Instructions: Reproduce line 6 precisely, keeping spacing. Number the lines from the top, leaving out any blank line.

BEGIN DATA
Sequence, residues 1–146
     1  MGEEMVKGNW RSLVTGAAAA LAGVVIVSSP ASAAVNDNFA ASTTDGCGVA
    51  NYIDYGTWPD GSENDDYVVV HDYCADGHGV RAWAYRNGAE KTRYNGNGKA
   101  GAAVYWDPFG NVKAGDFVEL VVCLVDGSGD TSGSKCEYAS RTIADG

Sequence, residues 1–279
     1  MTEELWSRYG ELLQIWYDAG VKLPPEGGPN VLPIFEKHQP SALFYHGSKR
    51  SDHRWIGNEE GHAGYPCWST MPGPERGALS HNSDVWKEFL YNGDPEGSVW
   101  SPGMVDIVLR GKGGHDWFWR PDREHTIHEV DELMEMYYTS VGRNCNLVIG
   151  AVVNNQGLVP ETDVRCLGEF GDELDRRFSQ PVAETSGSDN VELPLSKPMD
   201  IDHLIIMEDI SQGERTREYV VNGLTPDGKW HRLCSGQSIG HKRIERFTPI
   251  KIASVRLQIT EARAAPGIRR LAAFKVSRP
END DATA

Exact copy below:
     1  MTEELWSRYG ELLQIWYDAG VKLPPEGGPN VLPIFEKHQP SALFYHGSKR